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Brain derived neurotrophic factor inhibits apoptosis in enteric glia during gut inflammation

Martin Steinkamp, Nadine Schulte, Ulrike Spaniol, Carolin Pflüger, Joachim Kirsch, Georg B. von Boyen

Med Sci Monit 2012; 18(4): BR117-122

DOI: 10.12659/MSM.882612

Background:    Enteric glia cells (EGCs) are essential for the integrity of the bowel. A loss of EGCs leads to a severe inflammation of the intestines. As a diminished EGC network is postulated in Crohn’s disease (CD), we aimed to investigate if EGCs could be a target of apoptosis during inflammation in CD, which can be influenced by Brain derived neurotrophic factor (BDNF).
    Material/Methods:    GFAP, BDNF and cCaspase-3 were detected in the gut of patients with CD. Primary EGC cultures were established and cultivated. Tyrosine receptor kinase (TrkB) receptors on these cells were investigated by western blot and immunofluorescence. Rate of apoptosis was induced by tumor necrosis factor (TNF-alpha) and interferon (IFN-gamma). Apoptosis was determined by a fluorometric caspase 3/7 activation assay after preincubation of these cells with BDNF or neutralizing anti-BDNF antibodies.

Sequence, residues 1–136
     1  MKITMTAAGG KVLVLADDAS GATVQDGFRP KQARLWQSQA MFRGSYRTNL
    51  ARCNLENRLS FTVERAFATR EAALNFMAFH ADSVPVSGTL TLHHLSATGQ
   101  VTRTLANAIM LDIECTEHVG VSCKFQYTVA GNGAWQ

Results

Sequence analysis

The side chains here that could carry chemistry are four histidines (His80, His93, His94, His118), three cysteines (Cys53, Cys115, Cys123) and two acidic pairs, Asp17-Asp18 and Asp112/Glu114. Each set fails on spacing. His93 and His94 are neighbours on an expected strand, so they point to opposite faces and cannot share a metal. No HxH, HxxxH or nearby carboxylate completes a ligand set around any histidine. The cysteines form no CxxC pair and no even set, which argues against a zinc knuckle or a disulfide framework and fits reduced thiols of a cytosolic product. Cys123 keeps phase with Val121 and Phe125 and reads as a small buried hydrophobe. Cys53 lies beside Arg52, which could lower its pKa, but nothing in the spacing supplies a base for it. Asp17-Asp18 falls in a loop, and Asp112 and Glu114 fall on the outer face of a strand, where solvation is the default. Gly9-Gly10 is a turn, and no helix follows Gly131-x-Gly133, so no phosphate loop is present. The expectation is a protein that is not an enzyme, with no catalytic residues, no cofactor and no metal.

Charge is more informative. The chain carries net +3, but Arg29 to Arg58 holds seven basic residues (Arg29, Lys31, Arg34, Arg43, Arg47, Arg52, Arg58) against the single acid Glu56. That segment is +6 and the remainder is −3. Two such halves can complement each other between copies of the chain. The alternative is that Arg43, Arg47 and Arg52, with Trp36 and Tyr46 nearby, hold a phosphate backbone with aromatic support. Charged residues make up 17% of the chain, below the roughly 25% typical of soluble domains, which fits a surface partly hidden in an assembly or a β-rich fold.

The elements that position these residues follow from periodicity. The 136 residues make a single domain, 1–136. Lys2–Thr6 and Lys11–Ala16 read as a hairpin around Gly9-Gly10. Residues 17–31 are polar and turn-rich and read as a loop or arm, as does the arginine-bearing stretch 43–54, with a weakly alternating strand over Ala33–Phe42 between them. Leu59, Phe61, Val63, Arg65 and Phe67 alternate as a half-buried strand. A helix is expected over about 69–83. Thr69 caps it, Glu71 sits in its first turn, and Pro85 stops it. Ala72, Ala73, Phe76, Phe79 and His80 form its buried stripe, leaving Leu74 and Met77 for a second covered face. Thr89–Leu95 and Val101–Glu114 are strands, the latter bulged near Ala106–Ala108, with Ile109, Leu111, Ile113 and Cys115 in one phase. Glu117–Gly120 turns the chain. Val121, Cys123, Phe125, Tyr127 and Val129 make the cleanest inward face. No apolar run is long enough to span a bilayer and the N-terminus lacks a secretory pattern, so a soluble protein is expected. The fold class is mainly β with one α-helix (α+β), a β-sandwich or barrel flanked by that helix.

Results:    Mucosal GFAP-positive EGCs undergo apoptosis revealed by cCaspase-3 in the gut of patients with CD expressing BDNF highly. The combination of TNF-alpha and IFN-gamma was able to induce apoptosis in primary EGCs, whereas these factors alone did not. Brain derived neurotrophic factor (BDNF) attenuate glia cell apoptosis to a small extent, but neutralizing antibodies against BDNF dramatically increased apoptosis.
    Conclusions:    Mucosal EGC apoptosis is an important finding in the gut of patients with CD. Proinflammatory cytokines, which are highly increased in CD, induce EGC apoptosis, whereas the neurotrophin BDNF might be protective for EGC. Since EGCs are implicated in the maintenance of the enteric mucosal integrity, EGC apoptosis may contribute to the pathophysiological changes in CD.

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